In all, we should now see the import of the unsustainable consumption patterns, driven by the mere urge to satisfy want instead of need, and environmental degradation that have manifested in climate change, which the principles of sustainable development have been advocating over the past 30 years that many political leaders have been reluctant to address. Embracing the principles of sustainable development by Governments also involves the appreciation of investment in research and development (R&D) as well as the sustenance and improvement of national assets, especially in the health and environment sectors. Such investment are insurance to our future and the type that in normal situations if they have been sustained, we should be reaping now.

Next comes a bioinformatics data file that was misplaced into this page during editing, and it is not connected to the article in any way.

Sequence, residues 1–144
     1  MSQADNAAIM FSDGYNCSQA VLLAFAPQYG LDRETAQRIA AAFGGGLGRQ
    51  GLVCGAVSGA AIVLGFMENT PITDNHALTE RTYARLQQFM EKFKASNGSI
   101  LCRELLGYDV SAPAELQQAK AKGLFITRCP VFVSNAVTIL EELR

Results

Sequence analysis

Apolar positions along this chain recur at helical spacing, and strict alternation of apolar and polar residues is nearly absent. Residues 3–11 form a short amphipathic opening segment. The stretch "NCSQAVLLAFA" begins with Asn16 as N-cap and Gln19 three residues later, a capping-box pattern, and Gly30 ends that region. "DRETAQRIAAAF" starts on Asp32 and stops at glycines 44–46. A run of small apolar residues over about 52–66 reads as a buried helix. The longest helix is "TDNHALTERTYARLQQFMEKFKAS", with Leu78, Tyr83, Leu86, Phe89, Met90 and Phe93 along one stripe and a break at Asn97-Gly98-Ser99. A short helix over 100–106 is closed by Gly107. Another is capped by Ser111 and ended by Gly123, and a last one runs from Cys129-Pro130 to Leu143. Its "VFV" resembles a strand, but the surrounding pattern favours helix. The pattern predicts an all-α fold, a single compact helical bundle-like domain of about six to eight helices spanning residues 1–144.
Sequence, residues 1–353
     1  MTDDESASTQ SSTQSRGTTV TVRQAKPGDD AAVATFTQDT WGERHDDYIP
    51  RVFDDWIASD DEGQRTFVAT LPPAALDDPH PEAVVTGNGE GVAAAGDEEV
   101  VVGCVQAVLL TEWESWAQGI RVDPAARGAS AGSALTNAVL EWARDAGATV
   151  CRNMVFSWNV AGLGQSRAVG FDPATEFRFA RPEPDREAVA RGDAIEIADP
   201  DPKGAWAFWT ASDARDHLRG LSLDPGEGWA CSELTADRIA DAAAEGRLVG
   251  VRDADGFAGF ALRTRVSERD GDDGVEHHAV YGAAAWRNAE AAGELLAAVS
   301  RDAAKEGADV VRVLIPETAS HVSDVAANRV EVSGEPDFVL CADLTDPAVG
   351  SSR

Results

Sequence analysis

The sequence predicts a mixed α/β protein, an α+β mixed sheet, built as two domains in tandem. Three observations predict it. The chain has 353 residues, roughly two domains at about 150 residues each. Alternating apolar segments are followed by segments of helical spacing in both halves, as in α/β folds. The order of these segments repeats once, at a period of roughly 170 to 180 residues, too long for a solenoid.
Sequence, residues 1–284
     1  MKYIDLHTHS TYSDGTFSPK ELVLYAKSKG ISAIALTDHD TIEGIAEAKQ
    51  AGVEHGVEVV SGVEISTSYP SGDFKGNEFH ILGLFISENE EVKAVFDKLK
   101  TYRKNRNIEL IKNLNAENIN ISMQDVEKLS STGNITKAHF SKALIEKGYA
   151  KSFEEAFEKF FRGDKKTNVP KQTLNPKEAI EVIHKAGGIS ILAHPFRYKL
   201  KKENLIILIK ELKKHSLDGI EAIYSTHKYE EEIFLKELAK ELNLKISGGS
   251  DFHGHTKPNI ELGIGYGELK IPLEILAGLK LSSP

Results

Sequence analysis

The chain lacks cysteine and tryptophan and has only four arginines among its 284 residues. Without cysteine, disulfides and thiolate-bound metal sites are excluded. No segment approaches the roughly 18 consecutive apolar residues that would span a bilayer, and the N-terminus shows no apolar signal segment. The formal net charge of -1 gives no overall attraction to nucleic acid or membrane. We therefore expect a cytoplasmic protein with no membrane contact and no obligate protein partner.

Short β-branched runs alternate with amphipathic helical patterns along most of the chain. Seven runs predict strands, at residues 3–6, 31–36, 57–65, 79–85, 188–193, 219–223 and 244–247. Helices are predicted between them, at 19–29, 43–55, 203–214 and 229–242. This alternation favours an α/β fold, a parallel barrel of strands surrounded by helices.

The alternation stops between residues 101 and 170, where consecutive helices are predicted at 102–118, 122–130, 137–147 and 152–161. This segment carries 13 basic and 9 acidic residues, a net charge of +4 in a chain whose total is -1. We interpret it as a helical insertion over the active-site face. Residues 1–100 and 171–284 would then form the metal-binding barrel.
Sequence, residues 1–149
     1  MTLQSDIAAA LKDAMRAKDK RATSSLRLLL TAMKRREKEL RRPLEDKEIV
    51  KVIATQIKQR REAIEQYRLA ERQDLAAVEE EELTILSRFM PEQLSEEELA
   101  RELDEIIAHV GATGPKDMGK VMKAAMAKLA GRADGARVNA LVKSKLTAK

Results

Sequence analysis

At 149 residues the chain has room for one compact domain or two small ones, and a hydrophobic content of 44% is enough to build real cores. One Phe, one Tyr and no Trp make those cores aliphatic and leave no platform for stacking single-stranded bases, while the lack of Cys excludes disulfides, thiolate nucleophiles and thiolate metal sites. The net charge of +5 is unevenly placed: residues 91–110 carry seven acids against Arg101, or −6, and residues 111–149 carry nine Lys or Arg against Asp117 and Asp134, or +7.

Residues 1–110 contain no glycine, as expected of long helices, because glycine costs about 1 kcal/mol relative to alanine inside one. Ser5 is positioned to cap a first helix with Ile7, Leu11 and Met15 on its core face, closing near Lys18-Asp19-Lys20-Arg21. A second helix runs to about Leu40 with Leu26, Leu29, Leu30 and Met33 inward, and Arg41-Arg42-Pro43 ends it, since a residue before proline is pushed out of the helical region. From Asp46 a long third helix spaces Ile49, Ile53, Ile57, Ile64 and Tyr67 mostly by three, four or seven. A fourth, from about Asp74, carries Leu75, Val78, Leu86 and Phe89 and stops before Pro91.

As I said in a paper delivered in1998, “investment in environmental management (to which I will now add health care delivery) should not be viewed as “sunk” money but as viable, current and indispensable insurance against looming disasters, exemplified in such hidden benefits as the healthcare costs saved, natural and man-made disasters avoided, the human and natural resource productivity improved etc, all of which have multiplier effects in the order of magnitude better imagined than suffered”.